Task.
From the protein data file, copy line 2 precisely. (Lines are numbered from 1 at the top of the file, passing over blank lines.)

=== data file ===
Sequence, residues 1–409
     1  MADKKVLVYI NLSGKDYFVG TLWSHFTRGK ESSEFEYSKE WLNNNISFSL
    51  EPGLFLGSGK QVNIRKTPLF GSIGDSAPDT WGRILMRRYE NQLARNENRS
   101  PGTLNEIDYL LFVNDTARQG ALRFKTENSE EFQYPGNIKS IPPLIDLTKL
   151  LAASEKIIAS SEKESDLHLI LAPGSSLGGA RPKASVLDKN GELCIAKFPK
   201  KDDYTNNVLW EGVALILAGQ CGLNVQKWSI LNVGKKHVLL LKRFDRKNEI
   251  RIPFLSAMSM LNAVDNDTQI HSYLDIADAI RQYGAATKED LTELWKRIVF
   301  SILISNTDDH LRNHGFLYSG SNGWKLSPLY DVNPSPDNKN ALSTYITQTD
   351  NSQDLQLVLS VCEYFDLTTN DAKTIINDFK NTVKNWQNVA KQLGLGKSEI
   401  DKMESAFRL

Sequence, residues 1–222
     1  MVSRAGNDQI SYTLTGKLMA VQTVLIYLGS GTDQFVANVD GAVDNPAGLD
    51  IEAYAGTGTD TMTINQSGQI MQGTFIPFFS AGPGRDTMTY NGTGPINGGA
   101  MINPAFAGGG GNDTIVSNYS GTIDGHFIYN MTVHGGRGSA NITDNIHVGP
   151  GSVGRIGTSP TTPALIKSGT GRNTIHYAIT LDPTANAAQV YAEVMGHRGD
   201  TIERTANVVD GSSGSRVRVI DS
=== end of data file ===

     1  MADKKVLVYI NLSGKDYFVG TLWSHFTRGK ESSEFEYSKE WLNNNISFSL